The Nuclear Regulatory Commission turned to STSI to modernize it’s mission-critical applications supporting the reactor inspection process. This important business process was supported by a number of at-risk legacy systems on platforms such as PowerBuilder.
The modernization program had previously been started and stalled. The STSI team sought to deliver a first rate system, but also had to win credibility with a set of stakeholders that had seen many meetings, but little in the way of concrete results.
Team STSI brought in user experience design and other “design thinking” techniques. Instead of diving into documentation, we executed a highly facilitated vision workshop to define what would make a great product that would have a real impact on the day-to-day business process. From there, we jumped straight into prototyping.
As we captured user stories and requirements, we captured them in a wiki-style repository, updating stories and acceptance criteria as they matured – alongside the system design. We also captured key data elements and business rules in a similar fashion. The mockup-based approach worked well. Users could see something, making it much easier to envision a system, especially as compared to just reading and talking about requirements. The picture was worth a thousand words, quite literally.
We did retain some lessons from wireframe prototypes. If you look closely at the above image, the fonts are handwriting-like, similar to a mockup. This achieves the same purpose in both cases – users focus on the functionality instead of nit-picking visual design such as spacing, colors, etc. But this is not a mockup, it is an interactive AngularJS application backed by a JSON data structure.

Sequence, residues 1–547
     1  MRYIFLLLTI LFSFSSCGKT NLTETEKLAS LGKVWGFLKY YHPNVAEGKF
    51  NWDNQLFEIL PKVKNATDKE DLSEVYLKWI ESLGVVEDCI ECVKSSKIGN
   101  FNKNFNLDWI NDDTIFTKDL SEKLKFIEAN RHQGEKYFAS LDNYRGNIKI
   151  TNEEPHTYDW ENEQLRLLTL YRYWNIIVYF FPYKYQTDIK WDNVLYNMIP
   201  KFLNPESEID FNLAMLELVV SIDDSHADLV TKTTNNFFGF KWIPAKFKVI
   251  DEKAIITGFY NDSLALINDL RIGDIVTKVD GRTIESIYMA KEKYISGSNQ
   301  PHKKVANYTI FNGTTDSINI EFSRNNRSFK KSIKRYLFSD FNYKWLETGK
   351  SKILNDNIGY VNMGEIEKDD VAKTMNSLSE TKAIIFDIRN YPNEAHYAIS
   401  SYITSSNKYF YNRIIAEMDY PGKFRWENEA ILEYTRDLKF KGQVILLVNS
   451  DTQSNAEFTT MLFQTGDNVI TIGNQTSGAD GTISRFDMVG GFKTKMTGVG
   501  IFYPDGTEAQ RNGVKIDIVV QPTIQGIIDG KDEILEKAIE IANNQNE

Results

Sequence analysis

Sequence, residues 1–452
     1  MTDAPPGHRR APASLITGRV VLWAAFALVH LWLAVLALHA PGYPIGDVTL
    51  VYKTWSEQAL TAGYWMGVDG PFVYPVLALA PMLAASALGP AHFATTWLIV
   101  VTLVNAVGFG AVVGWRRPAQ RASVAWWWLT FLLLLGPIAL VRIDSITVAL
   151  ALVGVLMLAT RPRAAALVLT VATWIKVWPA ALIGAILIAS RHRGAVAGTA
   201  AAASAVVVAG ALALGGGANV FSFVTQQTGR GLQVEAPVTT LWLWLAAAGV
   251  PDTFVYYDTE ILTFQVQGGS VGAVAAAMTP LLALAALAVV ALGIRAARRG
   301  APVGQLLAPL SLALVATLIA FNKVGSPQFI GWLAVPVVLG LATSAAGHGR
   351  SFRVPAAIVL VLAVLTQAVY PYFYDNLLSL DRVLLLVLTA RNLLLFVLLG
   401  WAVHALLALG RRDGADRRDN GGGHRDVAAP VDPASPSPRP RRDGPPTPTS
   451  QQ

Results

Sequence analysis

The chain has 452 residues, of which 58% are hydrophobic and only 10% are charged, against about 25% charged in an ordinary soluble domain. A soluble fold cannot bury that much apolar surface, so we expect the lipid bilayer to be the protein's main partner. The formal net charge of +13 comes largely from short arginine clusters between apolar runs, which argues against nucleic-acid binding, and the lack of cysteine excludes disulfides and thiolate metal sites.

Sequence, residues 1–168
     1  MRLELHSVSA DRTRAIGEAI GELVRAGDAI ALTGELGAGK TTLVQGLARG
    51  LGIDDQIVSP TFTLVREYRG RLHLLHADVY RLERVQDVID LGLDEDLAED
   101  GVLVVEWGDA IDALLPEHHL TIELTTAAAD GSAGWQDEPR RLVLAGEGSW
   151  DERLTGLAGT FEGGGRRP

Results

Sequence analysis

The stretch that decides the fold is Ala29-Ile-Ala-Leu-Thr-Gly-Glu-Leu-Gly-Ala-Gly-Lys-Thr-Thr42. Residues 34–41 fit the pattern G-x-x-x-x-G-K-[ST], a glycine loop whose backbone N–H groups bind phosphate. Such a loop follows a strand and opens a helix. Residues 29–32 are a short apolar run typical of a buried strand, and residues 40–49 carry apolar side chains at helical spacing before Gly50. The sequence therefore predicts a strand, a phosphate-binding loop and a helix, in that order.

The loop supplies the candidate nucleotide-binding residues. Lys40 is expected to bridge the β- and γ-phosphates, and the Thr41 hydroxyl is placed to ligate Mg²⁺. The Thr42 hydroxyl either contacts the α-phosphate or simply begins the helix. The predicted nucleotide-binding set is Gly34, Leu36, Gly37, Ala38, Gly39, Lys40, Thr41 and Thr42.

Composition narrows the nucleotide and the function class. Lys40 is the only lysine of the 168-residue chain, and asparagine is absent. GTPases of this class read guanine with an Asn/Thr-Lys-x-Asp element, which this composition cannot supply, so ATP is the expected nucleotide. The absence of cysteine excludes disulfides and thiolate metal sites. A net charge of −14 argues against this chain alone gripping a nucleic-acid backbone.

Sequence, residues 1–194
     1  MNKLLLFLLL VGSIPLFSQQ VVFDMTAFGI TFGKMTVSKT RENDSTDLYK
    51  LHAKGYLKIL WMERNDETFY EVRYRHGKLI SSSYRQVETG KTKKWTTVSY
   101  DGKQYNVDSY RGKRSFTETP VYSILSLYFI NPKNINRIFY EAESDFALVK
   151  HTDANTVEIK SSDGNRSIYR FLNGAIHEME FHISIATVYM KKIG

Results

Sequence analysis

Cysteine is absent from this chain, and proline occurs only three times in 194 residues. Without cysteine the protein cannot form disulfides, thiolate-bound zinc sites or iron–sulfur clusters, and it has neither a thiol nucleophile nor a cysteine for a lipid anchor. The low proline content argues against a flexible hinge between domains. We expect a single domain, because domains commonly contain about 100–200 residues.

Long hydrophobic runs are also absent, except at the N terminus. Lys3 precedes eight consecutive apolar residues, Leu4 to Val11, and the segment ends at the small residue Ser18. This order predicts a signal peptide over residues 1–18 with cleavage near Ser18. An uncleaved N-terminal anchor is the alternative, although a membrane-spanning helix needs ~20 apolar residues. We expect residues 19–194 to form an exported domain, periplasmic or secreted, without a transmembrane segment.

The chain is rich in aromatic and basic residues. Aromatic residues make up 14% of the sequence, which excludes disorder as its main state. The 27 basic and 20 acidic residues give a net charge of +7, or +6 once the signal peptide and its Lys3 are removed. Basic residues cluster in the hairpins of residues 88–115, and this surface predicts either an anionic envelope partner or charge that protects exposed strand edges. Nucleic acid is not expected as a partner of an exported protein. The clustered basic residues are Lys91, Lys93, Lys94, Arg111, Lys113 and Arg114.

This approach worked great. Not only were we able to communicate richer concepts of interaction, but it actually didn’t take more time to create the prototypes over the mockups. Mockups are very quick to start, but do require a level of maintenance and rework, particularly when illustrating a larger flow. With the prototypes, we could take advantage of working with real code, reusing components and content.
The prototypes were a great communication tool, and great at eliciting feedback. Although live feedback and discussions are critical, we then added another component: offline review and feedback. With each iteration, we would send out a prototype link to stakeholders and give them a day to review it on their own. We build a feedback widget, placed at the bottom of each page, that captured comments on each page.
As a result, we could synthesize feedback before a group discussion. The larger stakeholder discussion was then far more productive, as we could quickly summarize and move past the areas of obvious agreement, and spend valuable discussion time on more involved or ambiguous issues.